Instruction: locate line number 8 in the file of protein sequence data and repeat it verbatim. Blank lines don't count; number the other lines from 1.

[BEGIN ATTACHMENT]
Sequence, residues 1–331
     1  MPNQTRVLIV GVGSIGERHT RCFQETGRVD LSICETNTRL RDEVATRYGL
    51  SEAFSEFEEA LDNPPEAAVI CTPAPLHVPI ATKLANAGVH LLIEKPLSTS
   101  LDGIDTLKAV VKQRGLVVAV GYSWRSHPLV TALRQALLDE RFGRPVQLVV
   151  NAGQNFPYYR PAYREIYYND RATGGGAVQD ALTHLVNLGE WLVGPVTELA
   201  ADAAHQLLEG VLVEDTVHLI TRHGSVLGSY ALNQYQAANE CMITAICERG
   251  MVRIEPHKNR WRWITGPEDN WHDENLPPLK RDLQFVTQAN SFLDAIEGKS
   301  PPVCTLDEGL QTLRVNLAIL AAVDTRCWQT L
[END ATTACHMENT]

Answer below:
   301  PPVCTLDEGL QTLRVNLAIL AAVDTRCWQT L